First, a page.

Steel components from the 3D printer: deposition welding in XXL format

Sample component produced by deposition welding with a mass of around 18 kilograms applied. (Photo: LZH)
02 May 2023
Press releases

Additive Manufacturing of XXL components: Research institutes and companies from Lower Saxony have jointly developed a giant 3D printer. It can produce steel components weighing several tons – and is intended to save resources in production.

Manufacturing individual large-scale components is usually an energy- and material-intensive affair. In the "XXL3DDruck" project, scientists at the Laser Zentrum Hannover e.V. (LZH) have joined forces with partners to test a more resource-efficient way of producing XXL components. To this end, they produced parts of a ship gearbox housing with a mass of up to three tons layer by layer in an oversized 3D printer using a laser-assisted arc welding process.

Steel components like this (approx. 1500 mm x 400 mm) can be manufactured layer by layer with laser-assisted arc deposition welding. (Photo: REINTJES GmbH)

XXL 3D printing to save energy and material in production

The XXL printer with an installation space of 3 x 4.5 meters, which is used as a prototype for research and development purposes only, is located at the marine gearbox manufacturer REINTJES in Hameln. It uses laser-assisted arc deposition welding, a high-performance additive process method for metals that achieves high mass throughput. The consortium can apply up to 3.2 kilograms of steel per hour with the printer.

The process can reduce the use of material and energy compared to conventional manufacturing methods: Classically, individual molds are made for the components of marine gearbox housings. This work step is eliminated in Additive Manufacturing. Material and weight can also be saved because components can be redesigned and constructed differently - with hollow walls, for example. Laser-assisted arc deposition welding can also implement individual, component, and customer-specific design requirements.

Resources are also saved in ship operation
XXL printing conserves resources during production and later during the operation of the ship - if less material is used, the ship has to accelerate less mass and thus also requires less fuel.
A part of a ship's gearbox housing, which is currently still being manufactured, serves as a demonstrator. Through Additive Manufacturing, the project participants would like to reduce the weight of a ship gearbox housing by several tons. The long-term goal for production is to reduce manufacturing and procurement time as well as to save raw materials such as steel by reducing the amount of material used per housing.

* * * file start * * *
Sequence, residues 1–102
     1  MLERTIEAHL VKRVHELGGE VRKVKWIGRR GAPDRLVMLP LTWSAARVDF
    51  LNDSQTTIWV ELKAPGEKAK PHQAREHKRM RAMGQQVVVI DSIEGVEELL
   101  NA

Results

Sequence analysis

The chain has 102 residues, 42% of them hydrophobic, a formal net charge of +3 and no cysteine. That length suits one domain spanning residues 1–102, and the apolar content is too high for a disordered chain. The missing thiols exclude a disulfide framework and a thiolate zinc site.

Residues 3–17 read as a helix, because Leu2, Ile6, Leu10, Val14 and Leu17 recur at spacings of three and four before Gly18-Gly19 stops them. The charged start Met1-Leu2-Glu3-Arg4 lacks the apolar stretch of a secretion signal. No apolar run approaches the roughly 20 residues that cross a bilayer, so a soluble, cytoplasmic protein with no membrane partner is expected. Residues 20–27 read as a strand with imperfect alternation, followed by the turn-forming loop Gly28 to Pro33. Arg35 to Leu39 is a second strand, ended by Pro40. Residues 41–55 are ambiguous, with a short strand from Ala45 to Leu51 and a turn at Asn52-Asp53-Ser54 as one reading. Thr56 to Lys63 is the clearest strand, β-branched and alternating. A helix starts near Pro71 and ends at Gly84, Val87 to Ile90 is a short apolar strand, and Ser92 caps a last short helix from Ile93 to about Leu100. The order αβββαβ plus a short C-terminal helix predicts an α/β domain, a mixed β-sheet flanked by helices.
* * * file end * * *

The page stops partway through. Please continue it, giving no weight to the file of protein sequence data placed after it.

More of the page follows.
About XXL3DDruck
The joint project „XXL3DDruck: Energie- und ressourceneffiziente Herstellung großskaliger Produkte durch additive Fertigung am Beispiel von Schiffgetriebegehäusen“ was funded by the German Federal Ministry for Economic Affairs and Climate Action under the funding code 03ET1644C (duration 2019 - 2023).

The project was managed by REINTJES GmbH. The LZH was responsible for the development of the process technology. EILHAUER Maschinenbau GmbH took over the plant engineering of the XXL 3D printer. TEWISS - Technik und Wissen GmbH was responsible for building the print head and controlling the printer. The IPH - Institut für Integrierte Produktion Hannover gemeinnützige GmbH developed an inline measurement technology for process monitoring.

Laser Zentrum Hannover e.V. (LZH)
As an independent, non-profit research institute, the Laser Zentrum Hannover e.V. (LZH) stands for innovative research, development, and consulting. Supported by the Lower Saxony Ministry of Economics, Transport, Construction and Digitalization, the LZH is dedicated to selflessly promoting applied research in the field of photonics and laser technology. Founded in 1986, almost 200 employees are now working at the LZH.

The LZH offers solutions to current and future challenges with its smart photonics. Along the process chain, natural scientists and engineers work interdisciplinary together: from component development for specific laser systems or for quantum technologies to process developments for a wide variety of laser applications, for example for medical and agricultural technology or lightweight construction in the automotive sector. 18 successful spin-offs have emerged from the LZH to date. Thus, the LZH creates a strong transfer between fundamental science, application-oriented research, and industry - and uses light for innovation.